C. : Plant energy biology (RIA)
Proposals will advance our understanding of the plant energy system in terms of elucidating specific mechanisms as well as the complex processes and interactions that determine overall energy efficiency in plants.
More specifically work will allow to better understand and determine
- (some of) the various components, processes and interactions of plants’ energy system and their regulation - from energy capture to its conversion, transport, photoassimilate partitioning and use
- the metabolic reactions underlying particular functions of plants’ energy system
- responses of the energy system to abiotic changes (e.g. CO2 concentration, light, temperature, water, salinity)
- the basis of naturally occurring variation of selected components of the energy system
- the overall energy efficiency in plants at various levels: cell – whole plant – canopy (including leaf anatomy and canopy structure)
- trade-offs between the efficiency of the energy system and the plant's susceptibility to or tolerance to biotic stresses
The above listed elements provide a framework for action from which proposals can choose a particular scope and approach in line with the broader objectives of the call.
While capitalising on knowledge resulting from work in model species, proposals should also work in crop species taking into account relevant agronomic conditions.
The Commission considers that proposals requesting a contribution from EUR 5 million for sub-topic C would allow this specific challenge to be addressed appropriately. Nonetheless, this does not preclude submission and selection of proposals requesting other amounts.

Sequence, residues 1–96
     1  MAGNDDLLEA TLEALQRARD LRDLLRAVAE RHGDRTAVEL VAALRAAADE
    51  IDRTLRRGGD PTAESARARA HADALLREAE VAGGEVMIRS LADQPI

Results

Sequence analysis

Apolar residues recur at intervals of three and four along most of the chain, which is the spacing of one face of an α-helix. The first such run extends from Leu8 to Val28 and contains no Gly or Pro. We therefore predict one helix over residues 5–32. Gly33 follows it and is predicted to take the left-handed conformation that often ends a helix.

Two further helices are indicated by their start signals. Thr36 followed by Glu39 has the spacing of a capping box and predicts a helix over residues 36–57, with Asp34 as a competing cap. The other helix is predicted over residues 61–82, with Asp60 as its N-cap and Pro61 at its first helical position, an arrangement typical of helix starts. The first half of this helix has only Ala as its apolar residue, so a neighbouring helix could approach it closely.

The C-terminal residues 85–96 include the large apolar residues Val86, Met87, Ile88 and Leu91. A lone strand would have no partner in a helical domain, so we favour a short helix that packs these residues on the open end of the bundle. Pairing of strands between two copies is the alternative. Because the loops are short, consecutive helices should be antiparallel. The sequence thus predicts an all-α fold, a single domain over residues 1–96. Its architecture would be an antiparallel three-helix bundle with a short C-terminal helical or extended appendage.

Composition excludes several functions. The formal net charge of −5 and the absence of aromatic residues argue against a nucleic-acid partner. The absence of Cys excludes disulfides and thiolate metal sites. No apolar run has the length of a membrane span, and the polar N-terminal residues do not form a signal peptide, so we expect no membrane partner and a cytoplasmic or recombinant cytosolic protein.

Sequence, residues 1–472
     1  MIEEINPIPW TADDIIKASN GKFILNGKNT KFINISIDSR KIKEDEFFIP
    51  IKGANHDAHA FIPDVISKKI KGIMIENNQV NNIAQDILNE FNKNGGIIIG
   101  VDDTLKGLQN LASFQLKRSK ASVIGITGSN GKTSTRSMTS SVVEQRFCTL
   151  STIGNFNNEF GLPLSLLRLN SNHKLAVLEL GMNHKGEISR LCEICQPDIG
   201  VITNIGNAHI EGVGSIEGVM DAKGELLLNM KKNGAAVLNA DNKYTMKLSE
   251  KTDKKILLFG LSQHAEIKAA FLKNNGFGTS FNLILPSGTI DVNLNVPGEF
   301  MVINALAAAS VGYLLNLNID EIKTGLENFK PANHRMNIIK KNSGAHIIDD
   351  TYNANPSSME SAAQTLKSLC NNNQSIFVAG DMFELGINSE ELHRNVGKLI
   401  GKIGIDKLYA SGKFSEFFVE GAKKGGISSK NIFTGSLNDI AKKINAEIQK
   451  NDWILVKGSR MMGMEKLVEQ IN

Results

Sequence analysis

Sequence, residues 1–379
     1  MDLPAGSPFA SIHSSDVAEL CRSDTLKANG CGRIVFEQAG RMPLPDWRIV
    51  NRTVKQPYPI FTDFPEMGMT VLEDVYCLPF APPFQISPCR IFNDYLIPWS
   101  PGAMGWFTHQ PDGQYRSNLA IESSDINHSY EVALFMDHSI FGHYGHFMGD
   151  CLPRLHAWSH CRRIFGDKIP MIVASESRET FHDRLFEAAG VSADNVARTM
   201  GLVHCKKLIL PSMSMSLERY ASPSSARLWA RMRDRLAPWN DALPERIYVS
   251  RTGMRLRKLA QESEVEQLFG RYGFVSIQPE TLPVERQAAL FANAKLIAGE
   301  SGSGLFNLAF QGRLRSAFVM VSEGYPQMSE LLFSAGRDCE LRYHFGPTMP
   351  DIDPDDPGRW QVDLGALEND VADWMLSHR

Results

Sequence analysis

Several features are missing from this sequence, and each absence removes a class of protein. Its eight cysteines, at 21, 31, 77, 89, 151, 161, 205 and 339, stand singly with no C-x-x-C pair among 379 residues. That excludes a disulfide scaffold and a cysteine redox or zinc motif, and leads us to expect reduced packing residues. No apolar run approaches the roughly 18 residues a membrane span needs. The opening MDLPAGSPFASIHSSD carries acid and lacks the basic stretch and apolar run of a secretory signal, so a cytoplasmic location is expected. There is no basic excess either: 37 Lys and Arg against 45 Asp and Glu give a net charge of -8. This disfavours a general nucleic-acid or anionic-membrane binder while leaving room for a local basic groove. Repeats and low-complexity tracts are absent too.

Results of funded activities will help to create knowledge hubs in their respective domains and develop specific pathways to feed biological insight into agricultural (husbandry, crops) and aquaculture practices.
In the short to medium term work will:
- allow to better understand the key mechanisms, interactions and control of the various components of plants’ energy biology system as well as their inherent trade-offs at the subcellular and whole plant level (sub-topic C)
- help to better assess plant responses to abiotic changes (sub-topic C)
- elucidate energy related traits to feed into breeding and crop management strategies at the level of individual plants and the canopy (sub-topic C)
- advance knowledge on the relationship between photoassimilate partitioning, plant growth and agronomic yield (sub-topic C)
In the long term activities will allow making more solid assertions on how crops will respond and can possibly better adapt to changing environments, also by means of enhancing plant energy efficiency to optimise productivity of plants.
Illustration Photo: Plant captured sunlight (credits: Peter Hackney / Flickr Creative Commons Attribution-NonCommercial 2.0 Generic (CC BY-NC 2.0))